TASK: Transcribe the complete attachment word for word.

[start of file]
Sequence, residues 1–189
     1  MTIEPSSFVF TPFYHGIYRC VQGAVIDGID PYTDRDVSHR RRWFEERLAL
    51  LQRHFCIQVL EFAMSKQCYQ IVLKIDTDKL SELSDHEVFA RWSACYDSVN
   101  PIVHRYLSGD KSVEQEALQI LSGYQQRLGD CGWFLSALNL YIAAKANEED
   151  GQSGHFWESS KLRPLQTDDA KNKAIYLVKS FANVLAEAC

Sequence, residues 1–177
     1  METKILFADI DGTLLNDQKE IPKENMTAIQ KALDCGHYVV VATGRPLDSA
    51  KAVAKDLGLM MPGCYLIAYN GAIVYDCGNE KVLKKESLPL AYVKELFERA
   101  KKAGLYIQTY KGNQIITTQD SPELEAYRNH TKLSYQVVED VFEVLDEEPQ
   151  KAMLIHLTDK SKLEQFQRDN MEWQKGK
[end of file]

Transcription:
Sequence, residues 1–189
     1  MTIEPSSFVF TPFYHGIYRC VQGAVIDGID PYTDRDVSHR RRWFEERLAL
    51  LQRHFCIQVL EFAMSKQCYQ IVLKIDTDKL SELSDHEVFA RWSACYDSVN
   101  PIVHRYLSGD KSVEQEALQI LSGYQQRLGD CGWFLSALNL YIAAKANEED
   151  GQSGHFWESS KLRPLQTDDA KNKAIYLVKS FANVLAEAC

Sequence, residues 1–177
     1  METKILFADI DGTLLNDQKE IPKENMTAIQ KALDCGHYVV VATGRPLDSA
    51  KAVAKDLGLM MPGCYLIAYN GAIVYDCGNE KVLKKESLPL AYVKELFERA
   101  KKAGLYIQTY KGNQIITTQD SPELEAYRNH TKLSYQVVED VFEVLDEEPQ
   151  KAMLIHLTDK SKLEQFQRDN MEWQKGK